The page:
These days Alan Arkin is best known for his wry comedic work in films like The In-Laws, Grosse Point Blank, and Little Miss Sunshine. But 38 years before he took home a best supporting actor Oscar for the last film, Arkin received a best actor nomination for his heartbreaking portrayal of deaf-mute John Singer in the underappreciated big screen adaptation of Carson McCullers' The Heart Is a Lonely Hunter. From its largely silent cold opening to quiet nights of chess in a rented room, the film manages to express Singer’s point of view without stooping to gimmickry or obscuring the experiences of the hearing-abled world. Without speaking or so much as externalizing a strong emotion, Arkin reveals enough quiet charisma to remain the focal point of every scene that he’s in. His underplaying is so finely calibrated that when this set piece rolls around, a tiny flip of the fingers can express a lifetime of loneliness.

The Silent Witness

Joe Morton in The Brother From Another Planet (1984)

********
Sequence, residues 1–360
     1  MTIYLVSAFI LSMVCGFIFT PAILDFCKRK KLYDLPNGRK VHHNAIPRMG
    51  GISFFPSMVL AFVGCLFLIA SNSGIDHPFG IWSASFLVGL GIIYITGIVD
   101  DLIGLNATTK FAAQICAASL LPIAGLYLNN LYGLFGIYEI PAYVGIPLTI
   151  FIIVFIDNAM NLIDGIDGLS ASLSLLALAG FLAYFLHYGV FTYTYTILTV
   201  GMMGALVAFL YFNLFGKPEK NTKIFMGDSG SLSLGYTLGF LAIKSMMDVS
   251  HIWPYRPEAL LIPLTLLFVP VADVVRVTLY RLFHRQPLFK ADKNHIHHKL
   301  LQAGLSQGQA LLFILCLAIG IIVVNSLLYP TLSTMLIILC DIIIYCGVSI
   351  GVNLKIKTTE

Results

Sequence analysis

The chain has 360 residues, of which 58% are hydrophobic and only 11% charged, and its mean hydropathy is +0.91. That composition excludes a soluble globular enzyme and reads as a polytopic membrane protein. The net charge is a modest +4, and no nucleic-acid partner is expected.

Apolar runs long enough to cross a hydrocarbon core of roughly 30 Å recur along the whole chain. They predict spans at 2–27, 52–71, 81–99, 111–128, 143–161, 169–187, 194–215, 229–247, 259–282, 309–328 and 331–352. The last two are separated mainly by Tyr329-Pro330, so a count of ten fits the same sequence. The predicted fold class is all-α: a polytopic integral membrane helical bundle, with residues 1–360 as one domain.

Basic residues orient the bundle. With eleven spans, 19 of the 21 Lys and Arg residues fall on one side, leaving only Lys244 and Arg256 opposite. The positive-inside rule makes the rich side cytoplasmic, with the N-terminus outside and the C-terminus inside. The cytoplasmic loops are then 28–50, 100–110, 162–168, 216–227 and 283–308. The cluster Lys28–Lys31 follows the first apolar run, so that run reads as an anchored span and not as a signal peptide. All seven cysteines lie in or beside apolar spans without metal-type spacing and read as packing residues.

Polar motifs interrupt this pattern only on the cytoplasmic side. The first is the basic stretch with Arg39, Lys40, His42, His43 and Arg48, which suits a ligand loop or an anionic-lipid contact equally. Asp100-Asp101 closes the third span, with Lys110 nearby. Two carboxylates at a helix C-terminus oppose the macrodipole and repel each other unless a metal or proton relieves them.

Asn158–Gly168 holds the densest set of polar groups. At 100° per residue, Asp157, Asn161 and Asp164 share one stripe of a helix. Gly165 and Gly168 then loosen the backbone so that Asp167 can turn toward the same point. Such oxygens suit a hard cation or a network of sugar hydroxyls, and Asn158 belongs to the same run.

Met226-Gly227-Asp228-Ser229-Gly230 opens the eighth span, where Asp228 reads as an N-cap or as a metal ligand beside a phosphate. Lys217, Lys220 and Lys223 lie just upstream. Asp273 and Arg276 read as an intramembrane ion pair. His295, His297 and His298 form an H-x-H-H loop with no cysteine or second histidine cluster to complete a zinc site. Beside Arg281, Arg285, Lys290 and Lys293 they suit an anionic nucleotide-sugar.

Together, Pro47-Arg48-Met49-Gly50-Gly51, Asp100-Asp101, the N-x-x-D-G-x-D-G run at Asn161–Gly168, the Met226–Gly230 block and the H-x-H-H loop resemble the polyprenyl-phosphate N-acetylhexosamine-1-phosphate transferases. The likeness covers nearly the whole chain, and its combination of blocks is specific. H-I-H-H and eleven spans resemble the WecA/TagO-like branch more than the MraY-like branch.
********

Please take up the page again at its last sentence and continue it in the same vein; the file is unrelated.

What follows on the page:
One of the most common speechless roles is that of the mute witness. Everything from Kieslowski’s Decalogue to Lean’s Ryan’s Daughter (for which Sir John Mills won a best supporting actor Oscar) employs a character that is more observer than participant, saddled with knowledge that can’t be verbally communicated. Playing a black-skinned, interplanetary interloper in mid-‘80s Harlem, Joe Morten puts a unique spin on the trope in John Sayles’ The Brother From Another Planet. Taking in New York through alien eyes and ears—he’s incapable of human speech—he lacks both earthly prejudices and defenses. With eyes wide and lips locked, Morton underplays to the point of placidity. Everything is so strange that he doesn’t even know what merits a reaction; he’s not dumb so much as permanently dumbfounded. Actors fill the air around him with familiar language that starts to sound abstract and strange when confronted by Morton’s naïvely blank stare. He’s a cipher without forgoing character, a mirror for others who absorbs all that he encounters.